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In Oregon, It’s Possible to Stay the Night at a Rural Christmas Tree Farm—if You Know Where to Look

If you’d given up on arranging that rustic getaway, there is hope in the fields, farms and forests of private landowners across the state.

In Oregon, there are many ways to commune peacefully with nature. The catch: You must compete fiercely to do it.

During peak hiking in summer, you're bound to find trailhead parking lots overflowing, leaving nearby ditches and berms jammed with cars and looking like scrapyards. And booking a campsite is cutthroat business. Unless you time everything just right, yurts and cabins at the most sought-after state parks are all snatched up by weekend warriors far more ambitious than you are.

And that was before the pandemic.

This year, an outdoor escape became even more challenging to pull off. In March, the state park system took the unprecedented step of closing its properties—every last waterfall and walking path—in response to COVID-19. Campgrounds didn't reopen until early June, and most cabins and yurts remain off-limits, due in part to budget shortfalls.

If you'd given up on arranging that rustic getaway, there is hope in the fields, farms and forests of private landowners across the state. The online platform Hipcamp is nearly identical to Airbnb, but with a focus on lodging that places people smack dab in the middle of the great outdoors: Think tent sites, RV hookups and cabins.

When browsing through Hipcamp's dozens of listings, your gaze may fix on the one titled "Christmas Tree Farm Camping." It is, after all, the holiday season. And this year, our gatherings may be smaller, but both anecdotal evidence and early sales figures indicate we're celebrating as big and traditional as possible, either by setting up real Christmas trees in our homes, wrapping the exterior in lights, and doing more laps through drive-thru displays.

So in a year when good spirits are hard to muster, a night on an 8-acre property boasting more than 500 planted firs would send levels of Christmas spirit through the chimney.

The farm is in rural Lebanon, about 90 minutes south of Portland, where the hosts also live while running a scaled-down campground. Due to COVID, only one party can sleep over at a time, but eventually a handful of recreationalists will be able to spread out across the fenced-in area—most in tents, but there are a couple of parking spots for RVs. Those who feel sociable can then come together in the evening around a large fire pit lined with boulders to swap advice about nearby hikes and paddles.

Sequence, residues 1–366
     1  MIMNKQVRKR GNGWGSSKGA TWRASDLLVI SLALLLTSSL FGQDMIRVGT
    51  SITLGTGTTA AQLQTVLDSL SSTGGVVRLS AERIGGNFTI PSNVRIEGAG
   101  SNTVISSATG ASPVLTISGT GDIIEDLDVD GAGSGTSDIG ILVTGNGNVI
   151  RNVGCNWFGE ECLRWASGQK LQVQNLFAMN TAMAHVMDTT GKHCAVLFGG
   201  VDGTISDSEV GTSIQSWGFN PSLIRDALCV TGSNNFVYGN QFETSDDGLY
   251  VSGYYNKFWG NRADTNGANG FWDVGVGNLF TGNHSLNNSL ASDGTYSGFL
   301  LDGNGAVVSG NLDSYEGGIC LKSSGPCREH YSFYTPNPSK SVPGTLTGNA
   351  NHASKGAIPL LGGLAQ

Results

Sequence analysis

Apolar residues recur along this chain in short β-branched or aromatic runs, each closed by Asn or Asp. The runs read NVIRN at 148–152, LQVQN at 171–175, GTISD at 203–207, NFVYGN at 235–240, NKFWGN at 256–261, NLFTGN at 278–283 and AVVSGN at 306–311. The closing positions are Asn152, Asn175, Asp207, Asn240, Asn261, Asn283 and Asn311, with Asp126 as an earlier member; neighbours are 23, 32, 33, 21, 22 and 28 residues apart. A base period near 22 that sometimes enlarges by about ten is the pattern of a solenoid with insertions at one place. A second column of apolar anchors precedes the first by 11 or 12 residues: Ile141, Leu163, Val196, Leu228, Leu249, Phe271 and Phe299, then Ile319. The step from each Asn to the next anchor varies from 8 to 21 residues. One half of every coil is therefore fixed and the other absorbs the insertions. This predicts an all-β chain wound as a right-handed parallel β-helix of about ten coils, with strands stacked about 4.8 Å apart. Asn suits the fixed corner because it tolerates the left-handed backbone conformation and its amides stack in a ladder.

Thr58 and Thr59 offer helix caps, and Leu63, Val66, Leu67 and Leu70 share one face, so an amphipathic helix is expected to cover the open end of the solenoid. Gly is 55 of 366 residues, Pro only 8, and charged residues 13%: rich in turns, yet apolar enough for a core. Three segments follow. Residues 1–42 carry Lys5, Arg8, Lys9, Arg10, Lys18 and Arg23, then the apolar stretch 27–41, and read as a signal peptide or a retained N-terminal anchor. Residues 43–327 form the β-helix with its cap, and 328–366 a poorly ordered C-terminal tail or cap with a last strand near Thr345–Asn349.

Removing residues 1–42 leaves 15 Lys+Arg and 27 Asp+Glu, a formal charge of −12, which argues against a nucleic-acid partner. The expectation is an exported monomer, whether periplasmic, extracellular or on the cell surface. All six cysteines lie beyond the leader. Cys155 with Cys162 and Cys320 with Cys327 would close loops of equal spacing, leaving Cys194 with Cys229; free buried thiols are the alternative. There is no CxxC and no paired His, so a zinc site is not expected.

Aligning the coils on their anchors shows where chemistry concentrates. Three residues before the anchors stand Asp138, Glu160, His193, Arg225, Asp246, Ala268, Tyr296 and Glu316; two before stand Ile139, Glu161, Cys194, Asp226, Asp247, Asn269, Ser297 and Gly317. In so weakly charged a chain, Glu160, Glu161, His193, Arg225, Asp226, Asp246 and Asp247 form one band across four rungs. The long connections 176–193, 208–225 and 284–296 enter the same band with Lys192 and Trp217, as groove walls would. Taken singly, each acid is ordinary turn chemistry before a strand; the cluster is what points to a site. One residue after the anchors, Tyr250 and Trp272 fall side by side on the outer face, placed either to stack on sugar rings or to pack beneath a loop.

For now, though, you can enjoy having the run of the farm to yourself, aside from the couple who reside there and their three German shorthair pointers. Given the December chill, we decided to upgrade from pitching a tent to staying in the barn loft, where the bar for roughing it went from "sleeping on the ground" to "flipping through a less-than-ideal selection of channels via Dish Satellite." But you're not here to watch TV. You're here to roam and spin among the Christmas trees, like a winter princess version of Julie Andrews in The Sound of Music.

Our hosts greeted us at the front gate to lead us up a paved driveway past their house and to the big brick-red barn. Behind the barn is a dirt path that circles the property. After the recent rain, it was at first muddy, revealing enough deer tracks to suggest this might be part of their regular commute. Eventually, we reached a leaf-covered stretch that served as a slip guard. So far, there were plenty of trees, but only a few that could have been of the Christmas variety—and even those were far too large to fit in any living room.

We continued on, looping past a series of black troughs strapped to trunks. The grain feeders were further proof deer frequented this place. Beyond that were sizable campsites, one furnished with a picnic table, and a sturdy wooden outhouse just out of view for any guest who doesn't want to traipse all the way over to the barn in the middle of the night.

But we had yet to see any Christmas trees. And we were losing light, fast.

Turns out, we passed right by them when we drove in. The tidy rows you'd expect on a tree farm were all there closer to the road—the year-old firs were just tiny. In fact, the flags marking each twig were more noticeable from a distance. It will take a few more years before you can really have that immersive Christmas tree experience, and a total of seven or eight before they're ready to cut and sell, but there will also be more of them. The large open space in the middle of the property will soon be planted with firs.

Even though the trees were smaller than expected, the mission to escape town was still accomplished. We breathed in fresh country air on our little hike. We learned more about the deer—a herd of 14 make their beds there, and sometimes "you'll wake up to them fighting," our host said. If you pop outside around 8 pm and turn on a flashlight, you'll see a meadow full of eyes reflected back at you. We heard coyotes howl and cows moo in nearby pastures.

Perhaps best of all, though, was nature's reward the next morning: fresh eggs courtesy of the farm's chickens, which we put to good use in a tomato basil Benedict.

STAY: Search "Oregon Lebanon Christmas Tree Farm Camping" on Hipcamp to reach the reservation page.